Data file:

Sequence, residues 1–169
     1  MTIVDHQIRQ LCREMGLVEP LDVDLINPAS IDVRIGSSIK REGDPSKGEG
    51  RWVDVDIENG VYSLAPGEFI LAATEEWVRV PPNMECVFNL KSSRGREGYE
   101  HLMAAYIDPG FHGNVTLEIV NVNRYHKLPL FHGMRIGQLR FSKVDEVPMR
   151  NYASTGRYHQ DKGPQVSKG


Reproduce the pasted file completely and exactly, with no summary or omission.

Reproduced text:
Sequence, residues 1–169
     1  MTIVDHQIRQ LCREMGLVEP LDVDLINPAS IDVRIGSSIK REGDPSKGEG
    51  RWVDVDIENG VYSLAPGEFI LAATEEWVRV PPNMECVFNL KSSRGREGYE
   101  HLMAAYIDPG FHGNVTLEIV NVNRYHKLPL FHGMRIGQLR FSKVDEVPMR
   151  NYASTGRYHQ DKGPQVSKG